Grout color was midnight blue (Custom) and we used Kerabond/ Kerolastic (Mapei) thin-set. The inside of the fountain had already been waterproofed before our install. The fountain is situated in a walkway area in Lafayette Mercantile and next to a new restaurant called Yankee Pier. They will evidently eventually have outdoor seating there right next to the fountain. I hope they have mojitos. (Speaking of mojitos, I have a recommendation for a great Cuban restaurant- but that is on my other blog..)

Anyway, it was a good project. Very fishy. Boy do people love an underwater scene. That is probably the theme I have worked with the most (for commissions) over the years. Water. Well who doesn't like water? I might put together a little book of underwater mosaics.

Left: Detail of side fishies and copper lights. Looking forward to seeing it underwater and lit up.

Below: Starfish cutting up side. I decided not to continue the background lay patterning from bottom sections to side sections, but it kind of looks like I did. Neat trick.

I can't really figure out how to get these photos to line up like I want (blogging is boggeling) so the rest are:

Full view from walkway above and detail of green fishy with swirling colors - oops where did that go? Oh well. it takes a lot of time to blog and I need to move on to the Project du Jour- which are a set of color drawings for some murals we are going to do downtown Oakland.

Production or installation assistance for this project by Nicole Bertoline, Tracy Broback, Joe Decker and Kim Larson.

***Next time I'll post our Sun Series sculptures in progress in the studio.***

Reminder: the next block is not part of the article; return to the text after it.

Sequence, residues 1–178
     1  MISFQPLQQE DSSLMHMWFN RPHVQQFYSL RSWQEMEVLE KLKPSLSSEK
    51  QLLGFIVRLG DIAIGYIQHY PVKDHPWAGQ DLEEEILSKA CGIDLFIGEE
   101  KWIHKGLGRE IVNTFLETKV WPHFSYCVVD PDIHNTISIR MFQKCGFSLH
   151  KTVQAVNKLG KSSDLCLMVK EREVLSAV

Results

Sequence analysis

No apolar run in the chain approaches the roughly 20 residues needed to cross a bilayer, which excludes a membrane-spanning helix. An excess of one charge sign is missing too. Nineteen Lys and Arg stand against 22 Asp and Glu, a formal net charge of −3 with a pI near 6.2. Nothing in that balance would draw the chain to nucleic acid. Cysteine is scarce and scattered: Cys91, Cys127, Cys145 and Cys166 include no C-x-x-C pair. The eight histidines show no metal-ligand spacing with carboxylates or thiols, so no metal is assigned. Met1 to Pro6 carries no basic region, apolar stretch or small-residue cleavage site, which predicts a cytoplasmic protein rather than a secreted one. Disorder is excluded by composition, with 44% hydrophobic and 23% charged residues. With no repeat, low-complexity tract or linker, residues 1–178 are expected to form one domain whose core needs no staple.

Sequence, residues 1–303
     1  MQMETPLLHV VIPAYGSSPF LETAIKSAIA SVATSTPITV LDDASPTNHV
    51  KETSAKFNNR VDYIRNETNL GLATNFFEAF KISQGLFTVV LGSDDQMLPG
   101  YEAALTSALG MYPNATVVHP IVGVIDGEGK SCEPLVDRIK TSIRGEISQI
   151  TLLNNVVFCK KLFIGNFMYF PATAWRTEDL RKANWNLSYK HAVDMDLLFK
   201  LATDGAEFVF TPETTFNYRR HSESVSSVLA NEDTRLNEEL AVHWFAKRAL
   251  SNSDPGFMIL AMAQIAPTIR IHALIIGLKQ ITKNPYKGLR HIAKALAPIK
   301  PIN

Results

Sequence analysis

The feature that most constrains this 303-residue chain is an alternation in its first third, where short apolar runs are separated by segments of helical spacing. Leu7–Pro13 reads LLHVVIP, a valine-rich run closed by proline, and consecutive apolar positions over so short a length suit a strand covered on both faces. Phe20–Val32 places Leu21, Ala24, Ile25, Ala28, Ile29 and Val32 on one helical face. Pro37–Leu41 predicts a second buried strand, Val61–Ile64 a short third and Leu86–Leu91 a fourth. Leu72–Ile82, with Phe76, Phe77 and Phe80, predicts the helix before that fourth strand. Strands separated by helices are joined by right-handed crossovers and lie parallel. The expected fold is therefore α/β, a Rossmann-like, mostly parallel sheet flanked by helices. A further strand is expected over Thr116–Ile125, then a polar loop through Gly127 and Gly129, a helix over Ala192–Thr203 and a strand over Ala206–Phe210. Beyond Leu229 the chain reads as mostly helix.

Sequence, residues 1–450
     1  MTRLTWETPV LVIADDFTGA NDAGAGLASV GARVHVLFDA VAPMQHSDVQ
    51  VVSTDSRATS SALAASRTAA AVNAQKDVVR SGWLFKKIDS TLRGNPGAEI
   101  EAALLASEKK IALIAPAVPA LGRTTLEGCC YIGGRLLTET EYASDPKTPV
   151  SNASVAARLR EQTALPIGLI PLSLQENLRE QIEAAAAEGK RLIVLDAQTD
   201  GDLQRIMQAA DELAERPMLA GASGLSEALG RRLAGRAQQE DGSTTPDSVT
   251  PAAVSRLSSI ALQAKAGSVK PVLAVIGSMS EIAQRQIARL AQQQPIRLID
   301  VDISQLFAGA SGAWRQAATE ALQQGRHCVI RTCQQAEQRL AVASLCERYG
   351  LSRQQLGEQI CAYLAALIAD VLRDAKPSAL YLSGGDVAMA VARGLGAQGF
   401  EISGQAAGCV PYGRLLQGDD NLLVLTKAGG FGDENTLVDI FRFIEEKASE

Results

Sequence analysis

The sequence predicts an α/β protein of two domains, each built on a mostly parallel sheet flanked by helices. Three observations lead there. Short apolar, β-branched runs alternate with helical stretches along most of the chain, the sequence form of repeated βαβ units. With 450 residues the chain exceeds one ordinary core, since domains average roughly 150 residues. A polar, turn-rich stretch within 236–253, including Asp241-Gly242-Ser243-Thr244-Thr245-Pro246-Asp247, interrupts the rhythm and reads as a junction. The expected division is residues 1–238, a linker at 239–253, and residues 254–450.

All tile (ok 95%) for above project was high- fire, exterior grade made by McIntyre Tile. Sorry for the commercial, but our retail store, Mosaic Studio Supply (.com) at the Institute of Mosaic Art (.com) reps this line of tile. It is by far my favorite to work with and it has an amazing color range. And they created a purple especially for me that is my favorite color tile. I am using it as a background for one of my next projects.

My dog is bugging me for a walk. Over and out.

Article in Diablo Magazine

Neat! An article just came out about Institute of Mosaic Art and my work in Diablo Magazine, February Issue:

Kind of a weird coincidence that the title of the article is the same as the documentary about Isaiah Zagar by his son Jerimiah....

Pieces of A Dream

Photograph by Gabriela Hasbun

For those of us who can barely scratch out a stick figure on paper and are intimidated by any art form, mosaic might be the ideal medium. Even for beginners, the process of creating order (a pattern) out of chaos (broken shards) can be incredibly gratifying.

So says Laurel True, a mosaic artist who teaches this ancient art to students of all levels. In 2005, after 14 years of teaching increasing numbers of students privately, True opened the Institute of Mosaic Art—one of very few such centers in the United States—in Oakland. She found a dilapidated building in the Jingletown arts district and, with the help of her students, transformed it into a neighborhood jewel, covering the walls, inside and out, with colorful mosaic murals and fresh sweeps of bright paint.

Since opening two years ago, the school has welcomed more than 4,000 students and visitors from such far-flung places as Australia, Chile, Germany, and Japan to be taught by True and visiting instructors. The art of mosaic has a kind of universal appeal, according to True. “It’s accessible, it’s appealing, it’s tactile, and people love the idea of putting pieces together,” True says. “I see people coming to it from both the right side of the brain and the left. Some projects require a particular format, a set of rules, and a lot of measurement and order, while other approaches can involve much more spontaneity.”

Courtesy of Laurel True